Since President Biden took office, we have seen countless examples of this flawed policy in action. Regional allies like Saudi Arabia have been cast aside for not fitting within the administration’s democracy/autocracy framework, leaving it to conciliate Iran in a deal brokered by China. On the other hand, our purported democratic ally Brazil, led by Biden’s pal Lula, has cozied up to the China-Iran-Russia triumvirate and directly challenged American interests. These actions, when not ignored by the White House, have been welcomed as positive developments. Besides these broader issues, three specific instances of the Biden policy showcase its defective reasoning.

The Biden administration has strongly pressured Israel into joining our Ukraine policy and acting against Russia. The Ukrainian fight is a righteous one and American policy has been highly supportive of it; if anything, our approach could be more robust. But Ukraine’s battle is not necessarily everyone else’s greatest concern. Israel, for one, has a very complex and delicate relationship with Russia, grounded in Middle Eastern geopolitics. Russia’s military is deeply involved in Syria, an Israeli neighbor with which it has an ongoing territorial dispute. Iran has used the chaos unleashed by the Syrian civil war to increase its local footprint and menace Israel more directly. Israel is dedicated to snuffing out this danger by force of arms. Given Russia’s influence on Syrian policy, coordination with Moscow is necessary for Israel to protect its territory from a genocidal foe.

Instead of trying to cajole Israel into sending advanced weaponry to Ukraine, thus angering Russia and endangering its own citizens, the US should take smaller steps and allow Israel to focus more on countering Iran, a foe both countries share. Israeli humanitarian, moral, and rhetorical support to Ukraine is useful in our aim of isolating Russia, without impacting Israel’s immediate security. Allowing Israel to take the lead on Iran would free up American resources to be deployed in other theaters, including Ukraine. The Israeli weapons systems that could potentially be used against Russia are not worth the alienation of one of our most important allies.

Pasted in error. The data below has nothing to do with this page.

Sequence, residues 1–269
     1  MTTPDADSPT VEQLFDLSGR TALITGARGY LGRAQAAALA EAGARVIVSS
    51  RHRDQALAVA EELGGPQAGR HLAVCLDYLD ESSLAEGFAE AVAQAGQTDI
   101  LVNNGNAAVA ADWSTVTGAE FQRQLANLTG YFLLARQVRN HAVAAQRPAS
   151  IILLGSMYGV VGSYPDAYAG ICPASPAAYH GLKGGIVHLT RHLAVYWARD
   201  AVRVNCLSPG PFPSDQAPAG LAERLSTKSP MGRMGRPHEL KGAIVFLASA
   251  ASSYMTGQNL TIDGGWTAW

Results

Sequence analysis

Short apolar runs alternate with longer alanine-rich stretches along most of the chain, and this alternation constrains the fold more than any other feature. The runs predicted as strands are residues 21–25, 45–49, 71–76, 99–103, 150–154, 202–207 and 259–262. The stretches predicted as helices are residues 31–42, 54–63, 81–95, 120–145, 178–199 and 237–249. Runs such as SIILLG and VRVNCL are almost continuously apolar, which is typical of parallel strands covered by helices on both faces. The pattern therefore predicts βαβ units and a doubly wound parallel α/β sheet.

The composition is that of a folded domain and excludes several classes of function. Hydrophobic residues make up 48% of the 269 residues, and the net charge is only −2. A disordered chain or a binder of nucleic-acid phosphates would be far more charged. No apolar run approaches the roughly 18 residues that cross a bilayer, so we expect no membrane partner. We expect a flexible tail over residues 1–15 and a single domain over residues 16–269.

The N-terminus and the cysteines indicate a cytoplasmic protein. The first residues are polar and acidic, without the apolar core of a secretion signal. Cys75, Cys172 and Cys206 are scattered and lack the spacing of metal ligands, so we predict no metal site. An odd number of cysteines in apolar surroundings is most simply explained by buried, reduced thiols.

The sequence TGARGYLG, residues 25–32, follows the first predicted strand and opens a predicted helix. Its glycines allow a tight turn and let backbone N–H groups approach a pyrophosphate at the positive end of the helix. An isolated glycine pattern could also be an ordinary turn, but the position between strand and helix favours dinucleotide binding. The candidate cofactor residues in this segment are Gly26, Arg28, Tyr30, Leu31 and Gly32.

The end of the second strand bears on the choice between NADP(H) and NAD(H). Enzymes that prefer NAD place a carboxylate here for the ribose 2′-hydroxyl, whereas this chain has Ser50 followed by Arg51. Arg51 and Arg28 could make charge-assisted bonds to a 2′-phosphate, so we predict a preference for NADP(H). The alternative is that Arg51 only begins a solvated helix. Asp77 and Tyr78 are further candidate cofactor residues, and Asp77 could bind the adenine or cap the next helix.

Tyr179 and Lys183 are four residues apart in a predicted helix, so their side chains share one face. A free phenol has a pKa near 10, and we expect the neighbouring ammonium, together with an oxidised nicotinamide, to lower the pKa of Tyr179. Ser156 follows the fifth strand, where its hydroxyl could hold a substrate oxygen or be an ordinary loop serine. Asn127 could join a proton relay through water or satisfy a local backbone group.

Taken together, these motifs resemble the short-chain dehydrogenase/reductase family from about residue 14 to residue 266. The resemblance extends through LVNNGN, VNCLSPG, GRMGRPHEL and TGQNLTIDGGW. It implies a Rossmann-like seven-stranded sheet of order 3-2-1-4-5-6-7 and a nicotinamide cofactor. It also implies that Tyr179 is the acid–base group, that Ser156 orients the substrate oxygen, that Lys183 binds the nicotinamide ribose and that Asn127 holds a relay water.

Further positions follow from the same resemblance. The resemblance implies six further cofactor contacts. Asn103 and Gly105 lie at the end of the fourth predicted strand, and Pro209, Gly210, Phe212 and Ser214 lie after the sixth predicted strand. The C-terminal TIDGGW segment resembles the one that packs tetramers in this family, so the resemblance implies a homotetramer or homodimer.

The Middle East is not the only extra-European theater impacted by the White House’s demands vis-à-vis the Russo-Ukrainian war; the Indo-Pacific, the critical region for US security in the 21st century, has also been roped into this policy. South Korea is a case in point. The Republic of Korea (ROK) has been a close American ally since the end of World War II and hosts a large contingent of American troops. This is meant to counter the totalitarian regime just to its north – one which acts as an unruly satrap of Beijing and Moscow. This has led South Korea to build up arms manufacturing and stockpiling, as well as to avoid conflict with the North’s benefactors. Biden, however, seeks to detour much of that stockpiled materiel to Ukraine, despite the ROK’s publicly-stated unwillingness to do so. South Korea has sent millions in humanitarian and financial aid, and has promised to help in Ukraine’s reconstruction. Still, many view this as insufficient.

Not only does this pressure campaign put our Korean allies – led by the hawkish president Yoon Suk-yeol – in a tough spot with respect to domestic politics, it sends terrible signals about our priorities to our major regional adversary: China. Alternatively, we could focus on the most salient threat to our joint interests and improve our deterrence and regional alliance structure in the process. The ROK has already cleared other nations to transfer weapons of South Korean manufacture to Ukraine, which should be, along with their non-military commitments, enough to satisfy any reasonable observer. Removing this uncomfortable strain on relations would allow us to prioritize actions in the Pacific that could greatly benefit us in countering China: improving readiness against the North Koreans, bringing the ROK into our defense arrangements for Taiwan, and working to align Japanese and Korean policy so as to end a century of conflict between two of our most important regional partners.